"Three former Colorado Springs residents were indicted by a federal grand jury in Denver this week on charges of conspiracy and fraud for selling about $1.6 million of oil and gas investments in projects they did not own, Acting U.S. Attorney David Gaouette and FBI Special Agent in Charge James Davis announced today..."
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That's the beginning of an account by the U.S. Department of Justice about bustees Christine Michelle Thompson, Jeffrey Mark Zamorsky and Jesse Anthony Aguilar -- but there's a lot more to their alleged scheme than that. Check out the complete press release after the jump, and read the latest court document by clicking here.
U.S. Department of Justice press release:
May 8, 2009
THREE FORMER COLORADO SPRINGS RESIDENTS INDICTED FOR CONSPIRACY AND FRAUD
DENVER - Three former Colorado Springs residents were indicted by a federal grand jury in Denver this week on charges of conspiracy and fraud for selling about $1.6 million of oil and gas investments in projects they did not own, Acting U.S. Attorney David Gaouette and FBI Special Agent in Charge James Davis announced today. Christine Michelle Thompson, age 40, Jeffrey Mark Zamorsky, age 33, and Jesse Anthony Aguilar, age 42, were indicted on Tuesday, May 5, 2009. Specifically, the purpose of the conspiracy of their fraud was for the three defendants to falsely obtain money to enrich themselves and each other through their joint business operations. Thompson is in custody without bond pending a resolution of her case. Zamorsky and Aguilar are fugitives being sought by the FBI.
Christine M. Thompson (also known as Christine Michelle Zamorsky and Christine Michelle Aguilar), and Jeffrey Mark Zamorsky (also known as Jeffrey Zamorsky), were first charged by Criminal Complaint on July 25, 2008. Jesse Anthony Aguilar (also known as Tony Aguilar), was first charged by Criminal Complaint on February 2, 2009. All three were indicted by a federal grand jury in Denver on May 5, 2009.
According to the indictment, around 2001 and 2002 Christine Thompson married Jesse Aguilar. In March of 2002 Thompson was convicted of a felony, namely fraudulent use of identifying information, in Texas. During that same month Aguilar was convicted of a felony, specifically conspiracy to commit mail fraud, wire fraud, and securities fraud, also in Texas. Around 2006 and 2007, Thompson married Jeffrey Zamorsky. Subsequently, in 2008 she again married.
In June 2006, Zamorsky formed ICON World Resources. In September 2007, Zamorsky formed SUNCO Resources. The defendants obtained information about existing and potential oil and gas wells from companies in the oil and gas industry. In some of those dealings, they negotiated to purchase interests in drilling projects, but they never completed any such purchase transactions. However, in the course of the negotiations, the defendants allegedly obtained the oil and gas companies' proprietary information about drilling operations and prospects, including, but not limited to, maps, seismic charts, correspondence, budgets, projections, and historical drilling data.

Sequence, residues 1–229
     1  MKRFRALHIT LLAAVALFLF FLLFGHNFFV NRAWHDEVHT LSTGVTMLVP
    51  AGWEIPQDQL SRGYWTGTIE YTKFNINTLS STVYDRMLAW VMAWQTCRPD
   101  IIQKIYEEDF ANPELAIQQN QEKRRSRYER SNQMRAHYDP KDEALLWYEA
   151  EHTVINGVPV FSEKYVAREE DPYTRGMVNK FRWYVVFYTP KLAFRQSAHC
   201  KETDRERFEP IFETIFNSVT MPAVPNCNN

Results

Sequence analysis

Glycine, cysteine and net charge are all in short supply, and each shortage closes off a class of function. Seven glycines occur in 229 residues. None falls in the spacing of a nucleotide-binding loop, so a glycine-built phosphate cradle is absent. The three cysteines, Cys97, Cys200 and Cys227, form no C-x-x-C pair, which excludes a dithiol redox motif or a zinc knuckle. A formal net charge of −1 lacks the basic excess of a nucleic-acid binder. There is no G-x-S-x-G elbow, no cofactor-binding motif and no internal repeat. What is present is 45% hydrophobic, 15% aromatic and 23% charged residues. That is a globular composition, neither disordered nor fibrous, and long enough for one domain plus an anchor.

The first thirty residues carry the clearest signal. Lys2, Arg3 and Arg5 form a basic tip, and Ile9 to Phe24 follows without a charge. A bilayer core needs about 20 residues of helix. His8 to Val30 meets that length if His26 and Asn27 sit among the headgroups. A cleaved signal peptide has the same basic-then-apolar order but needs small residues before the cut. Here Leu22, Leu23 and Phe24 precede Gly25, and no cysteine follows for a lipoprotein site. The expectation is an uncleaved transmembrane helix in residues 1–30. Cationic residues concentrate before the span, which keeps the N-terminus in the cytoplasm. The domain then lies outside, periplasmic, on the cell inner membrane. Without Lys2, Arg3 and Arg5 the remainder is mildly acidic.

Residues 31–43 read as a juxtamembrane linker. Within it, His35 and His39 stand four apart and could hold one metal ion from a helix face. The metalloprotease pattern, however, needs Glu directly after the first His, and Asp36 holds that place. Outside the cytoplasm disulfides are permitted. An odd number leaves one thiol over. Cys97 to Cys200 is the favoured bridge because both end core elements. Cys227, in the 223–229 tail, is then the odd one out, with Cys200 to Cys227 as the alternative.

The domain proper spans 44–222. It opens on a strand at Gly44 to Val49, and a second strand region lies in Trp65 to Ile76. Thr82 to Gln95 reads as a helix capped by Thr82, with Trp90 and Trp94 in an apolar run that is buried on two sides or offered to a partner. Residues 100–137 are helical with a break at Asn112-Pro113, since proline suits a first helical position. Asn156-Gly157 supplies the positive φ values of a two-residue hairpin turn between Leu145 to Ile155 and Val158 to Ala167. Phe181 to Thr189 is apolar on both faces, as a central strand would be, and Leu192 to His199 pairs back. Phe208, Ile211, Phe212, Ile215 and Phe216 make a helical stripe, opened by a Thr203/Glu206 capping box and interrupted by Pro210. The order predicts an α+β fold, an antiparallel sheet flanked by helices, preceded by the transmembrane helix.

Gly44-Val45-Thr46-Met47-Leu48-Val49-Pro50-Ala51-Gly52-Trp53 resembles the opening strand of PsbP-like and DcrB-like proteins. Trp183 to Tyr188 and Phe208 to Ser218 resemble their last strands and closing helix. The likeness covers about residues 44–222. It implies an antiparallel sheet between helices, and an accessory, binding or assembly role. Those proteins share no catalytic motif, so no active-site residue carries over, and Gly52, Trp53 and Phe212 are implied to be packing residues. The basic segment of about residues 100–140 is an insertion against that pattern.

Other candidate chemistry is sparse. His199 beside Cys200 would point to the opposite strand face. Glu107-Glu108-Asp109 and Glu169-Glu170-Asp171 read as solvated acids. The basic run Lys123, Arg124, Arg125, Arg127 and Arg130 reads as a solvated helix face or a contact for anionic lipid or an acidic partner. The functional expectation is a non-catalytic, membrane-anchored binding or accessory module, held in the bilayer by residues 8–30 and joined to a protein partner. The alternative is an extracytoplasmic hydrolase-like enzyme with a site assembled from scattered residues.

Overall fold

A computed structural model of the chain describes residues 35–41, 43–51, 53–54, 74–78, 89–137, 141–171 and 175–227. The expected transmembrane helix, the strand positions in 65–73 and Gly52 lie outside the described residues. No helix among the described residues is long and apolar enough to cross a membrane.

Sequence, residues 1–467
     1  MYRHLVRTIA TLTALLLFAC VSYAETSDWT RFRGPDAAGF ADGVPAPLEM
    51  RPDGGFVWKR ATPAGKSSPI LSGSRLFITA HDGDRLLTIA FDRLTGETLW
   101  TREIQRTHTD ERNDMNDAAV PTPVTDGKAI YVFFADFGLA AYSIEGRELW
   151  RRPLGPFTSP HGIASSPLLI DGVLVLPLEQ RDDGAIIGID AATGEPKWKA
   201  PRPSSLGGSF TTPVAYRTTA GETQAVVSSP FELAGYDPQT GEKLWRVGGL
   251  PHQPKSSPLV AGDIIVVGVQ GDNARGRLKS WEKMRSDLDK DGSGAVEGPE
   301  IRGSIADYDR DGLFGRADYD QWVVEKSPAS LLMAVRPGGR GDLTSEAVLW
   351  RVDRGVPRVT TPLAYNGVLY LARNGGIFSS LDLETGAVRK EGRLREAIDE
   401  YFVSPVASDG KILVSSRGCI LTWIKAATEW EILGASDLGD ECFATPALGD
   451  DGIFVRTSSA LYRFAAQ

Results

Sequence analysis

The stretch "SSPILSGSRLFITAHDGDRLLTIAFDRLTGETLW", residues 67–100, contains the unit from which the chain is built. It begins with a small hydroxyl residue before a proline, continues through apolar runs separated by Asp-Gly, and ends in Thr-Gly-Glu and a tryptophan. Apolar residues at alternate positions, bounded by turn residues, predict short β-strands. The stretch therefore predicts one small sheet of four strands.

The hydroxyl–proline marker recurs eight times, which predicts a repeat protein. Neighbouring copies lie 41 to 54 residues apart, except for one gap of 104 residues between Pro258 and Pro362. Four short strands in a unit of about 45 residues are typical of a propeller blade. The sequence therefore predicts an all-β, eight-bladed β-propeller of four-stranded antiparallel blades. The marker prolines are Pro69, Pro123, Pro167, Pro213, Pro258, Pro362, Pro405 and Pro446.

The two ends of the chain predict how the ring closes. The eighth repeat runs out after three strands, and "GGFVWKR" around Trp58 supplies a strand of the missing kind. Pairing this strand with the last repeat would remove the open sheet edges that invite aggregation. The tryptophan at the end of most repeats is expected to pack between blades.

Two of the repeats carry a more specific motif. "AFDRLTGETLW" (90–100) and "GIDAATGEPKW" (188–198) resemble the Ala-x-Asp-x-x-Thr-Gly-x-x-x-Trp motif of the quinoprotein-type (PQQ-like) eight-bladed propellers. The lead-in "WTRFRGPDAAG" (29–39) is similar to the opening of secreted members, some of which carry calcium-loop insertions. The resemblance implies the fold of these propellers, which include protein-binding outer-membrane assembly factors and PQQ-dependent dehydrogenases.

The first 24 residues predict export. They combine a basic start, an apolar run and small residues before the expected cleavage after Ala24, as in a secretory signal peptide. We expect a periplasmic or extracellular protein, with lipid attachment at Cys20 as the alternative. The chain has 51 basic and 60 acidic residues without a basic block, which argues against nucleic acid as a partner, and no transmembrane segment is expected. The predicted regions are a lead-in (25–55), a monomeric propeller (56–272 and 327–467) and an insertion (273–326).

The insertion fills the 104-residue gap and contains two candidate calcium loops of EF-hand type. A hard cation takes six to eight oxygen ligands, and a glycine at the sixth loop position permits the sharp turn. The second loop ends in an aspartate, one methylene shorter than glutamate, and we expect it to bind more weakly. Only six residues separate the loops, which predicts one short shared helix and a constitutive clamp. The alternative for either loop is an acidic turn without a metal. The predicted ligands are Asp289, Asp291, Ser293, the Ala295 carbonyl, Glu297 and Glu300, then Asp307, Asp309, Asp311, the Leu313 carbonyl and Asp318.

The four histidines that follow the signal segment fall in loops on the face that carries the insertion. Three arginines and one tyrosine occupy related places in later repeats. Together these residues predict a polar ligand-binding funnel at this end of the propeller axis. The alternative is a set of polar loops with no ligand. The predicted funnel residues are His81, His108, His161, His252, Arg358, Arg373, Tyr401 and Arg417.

As part of the fraud, the three operated sales offices in Texas, Colorado, Arizona, and elsewhere, employing sales representatives who made sales solicitations to prospective investors. The defendants provided the sales staff with lead lists and false, fraudulent, and misleading offering materials for ICON's and SUNCO's supposed Ohio, Michigan, and Colorado oil and gas drilling operations, which information the sales representatives communicated to investors. Thompson, Aguilar, and Zamorsky made and caused to be made false and misleading statements to investors. In addition, the three omitted disclosing other information to investors.
"Frauds, such as this, need to be prosecuted to protect the integrity of our free market system," said Acting U.S. Attorney David Gaouette.
"I would like to extend our appreciation to the Security and Exchange Commission or the outstanding assistance they provided in this case," said FBI Special Agent in Charge James Davis.
If convicted the defendants face not more than 5 years in federal prison, and up to a $250,000 fine, for 1 count of conspiracy, as well as each of the 46 counts of securities fraud, 6 counts of mail fraud, and 11 counts of wire fraud.
This case was investigated by the Federal Bureau of Investigation (FBI) with assistance from the Securities and Exchange Commission (SEC).
The case is being prosecuted by Assistant U.S. Attorney John Haried.